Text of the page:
Gastroparesis is felt to be nearly universal in those who have restricted calories resulting in significant weight loss (generally 10-20% of body weight). (1) It is worth emphasizing that gastroparesis can occur in those of all body shapes and sizes and one does not need to be clinically underweight to develop gastroparesis. (2) The most common symptoms are early satiety (meaning feeling very full even after just a small amount of food) and bloating. For those with an eating disorder, specifically those who have body image concerns that focus on the appearance of their abdomen, a distended and bloated stomach can certainly challenge even the most recovery motivated person.
It was OCD Awareness Week last week. It was timely that the Sunday, October 7th evening broadcast of “60 Minutes” featured an interview with John Green, author of The Fault in Our Stars. Before the interview, I only knew that he was a good writer, and that he has a great sense of humor. What I didn’t know, before this interview, was that he suffers from OCD as does approximately two percent of the population. Often, when we think of OCD, we imagine an individual who is incessantly washing hands due to contamination fears or flipping a light switch eight times to ward off a disaster of some type. However, there are many ways OCD can show up and affect a person’s life.
Now let’s focus on some of those myths.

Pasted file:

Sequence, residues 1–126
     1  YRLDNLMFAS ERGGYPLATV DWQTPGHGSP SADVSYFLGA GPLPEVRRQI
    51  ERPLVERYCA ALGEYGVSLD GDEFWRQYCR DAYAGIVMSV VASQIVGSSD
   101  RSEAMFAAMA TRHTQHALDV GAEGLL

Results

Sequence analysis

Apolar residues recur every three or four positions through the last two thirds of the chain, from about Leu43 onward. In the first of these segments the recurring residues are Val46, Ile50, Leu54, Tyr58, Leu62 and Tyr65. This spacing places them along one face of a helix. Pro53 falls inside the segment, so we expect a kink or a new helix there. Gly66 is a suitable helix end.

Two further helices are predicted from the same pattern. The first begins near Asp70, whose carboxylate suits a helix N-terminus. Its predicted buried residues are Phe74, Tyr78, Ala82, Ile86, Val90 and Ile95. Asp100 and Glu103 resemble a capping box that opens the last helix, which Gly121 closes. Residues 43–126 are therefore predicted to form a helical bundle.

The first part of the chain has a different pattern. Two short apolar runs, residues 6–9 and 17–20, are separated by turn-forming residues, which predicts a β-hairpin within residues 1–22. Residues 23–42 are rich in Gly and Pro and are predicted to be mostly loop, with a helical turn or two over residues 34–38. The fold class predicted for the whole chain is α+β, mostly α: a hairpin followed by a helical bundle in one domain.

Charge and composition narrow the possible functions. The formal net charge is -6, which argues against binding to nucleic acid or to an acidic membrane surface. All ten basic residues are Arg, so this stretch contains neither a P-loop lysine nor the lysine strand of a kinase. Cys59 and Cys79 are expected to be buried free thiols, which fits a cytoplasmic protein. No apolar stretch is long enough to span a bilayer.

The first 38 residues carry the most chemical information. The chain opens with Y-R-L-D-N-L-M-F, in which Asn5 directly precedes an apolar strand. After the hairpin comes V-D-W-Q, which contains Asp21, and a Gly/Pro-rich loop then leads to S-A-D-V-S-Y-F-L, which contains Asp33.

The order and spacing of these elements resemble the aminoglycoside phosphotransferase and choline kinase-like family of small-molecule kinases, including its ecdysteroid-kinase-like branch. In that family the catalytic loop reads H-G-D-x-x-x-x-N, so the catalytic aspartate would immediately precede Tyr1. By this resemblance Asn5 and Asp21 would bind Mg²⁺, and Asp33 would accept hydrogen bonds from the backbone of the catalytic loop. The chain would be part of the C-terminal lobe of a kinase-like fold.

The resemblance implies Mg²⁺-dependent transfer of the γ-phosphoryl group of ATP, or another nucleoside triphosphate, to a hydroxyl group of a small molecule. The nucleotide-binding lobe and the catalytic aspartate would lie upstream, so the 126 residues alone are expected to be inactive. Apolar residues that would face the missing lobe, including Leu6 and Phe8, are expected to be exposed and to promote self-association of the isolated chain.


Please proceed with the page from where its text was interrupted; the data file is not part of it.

Myth 1: It is normal for an athlete to stop menstruating during periods of heavy training.
It is NEVER normal for an athlete to stop menstruating. Yes, you read that right. Amenorrhea should never be considered an acceptable consequence of any level of athletic or fitness training. Amenorrhea is a red flag that the body is not functioning to its full potential. Amenorrhea again can be due to exercising too much for your body, under-fueling, high stress, or a combination of these factors.
Myth 2: Amenorrhea in athletes is unique to only endurance or high-level athletes.
Amenorrhea can be seen in females from any sport and at any level from recreational to elite. Even those without sport specific goals and that exercise for health/fitness/enjoyment can develop amenorrhea. It is likely true that higher intensity and frequency of exercise might make someone more prone to FHA than those who exercise at a lower intensity, frequency.
Iron deficiency is common in athletes. Nearly half of females who exercise may experience iron deficiency.1 While females are at higher risk for iron deficiency due to monthly loss of blood with menstruation, male athletes can also suffer from it. The International Olympic Committee 2009 Consensus Statement on periodic health evaluation of elite athletes even recommended routine screening for iron deficiency.2 Please note, unless otherwise specified, the term iron deficiency in this article solely refers to low iron and not resultant anemia, or low red blood cells. This article is also focused on adult athletes and the information discussed may not apply to children.
Stress…we all have it. There is beneficial stress (eustress), which often brings positive results, and then there is distress, which can take its toll. A few examples of good stress are: exercise, enjoying a scary movie, riding a rollercoaster (if you like it), buying a new home, etc. Some examples of distress are: loss, financial trouble, negative work environment, partner problems, etc. Eustress generally produces a good feeling while distress produces an unpleasant feeling. And then there are combinations such as the eustress experienced by buying the new home and the distress experienced by the associated expenses and move.